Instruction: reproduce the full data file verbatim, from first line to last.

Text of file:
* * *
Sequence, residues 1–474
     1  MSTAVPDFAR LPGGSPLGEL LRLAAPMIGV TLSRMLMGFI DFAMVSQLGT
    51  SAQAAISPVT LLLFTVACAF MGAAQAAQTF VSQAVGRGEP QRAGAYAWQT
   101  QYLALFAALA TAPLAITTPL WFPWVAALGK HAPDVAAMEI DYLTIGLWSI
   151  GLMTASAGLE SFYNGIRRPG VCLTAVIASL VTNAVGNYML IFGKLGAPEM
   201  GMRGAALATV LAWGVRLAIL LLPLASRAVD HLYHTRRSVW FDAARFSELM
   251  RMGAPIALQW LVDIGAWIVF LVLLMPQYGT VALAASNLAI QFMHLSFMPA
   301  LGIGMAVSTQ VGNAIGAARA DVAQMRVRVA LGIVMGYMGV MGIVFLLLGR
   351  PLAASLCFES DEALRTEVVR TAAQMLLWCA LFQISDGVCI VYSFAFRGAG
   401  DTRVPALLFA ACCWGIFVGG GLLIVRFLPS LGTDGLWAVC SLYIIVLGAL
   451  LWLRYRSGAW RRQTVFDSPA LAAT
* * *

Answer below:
Sequence, residues 1–474
     1  MSTAVPDFAR LPGGSPLGEL LRLAAPMIGV TLSRMLMGFI DFAMVSQLGT
    51  SAQAAISPVT LLLFTVACAF MGAAQAAQTF VSQAVGRGEP QRAGAYAWQT
   101  QYLALFAALA TAPLAITTPL WFPWVAALGK HAPDVAAMEI DYLTIGLWSI
   151  GLMTASAGLE SFYNGIRRPG VCLTAVIASL VTNAVGNYML IFGKLGAPEM
   201  GMRGAALATV LAWGVRLAIL LLPLASRAVD HLYHTRRSVW FDAARFSELM
   251  RMGAPIALQW LVDIGAWIVF LVLLMPQYGT VALAASNLAI QFMHLSFMPA
   301  LGIGMAVSTQ VGNAIGAARA DVAQMRVRVA LGIVMGYMGV MGIVFLLLGR
   351  PLAASLCFES DEALRTEVVR TAAQMLLWCA LFQISDGVCI VYSFAFRGAG
   401  DTRVPALLFA ACCWGIFVGG GLLIVRFLPS LGTDGLWAVC SLYIIVLGAL
   451  LWLRYRSGAW RRQTVFDSPA LAAT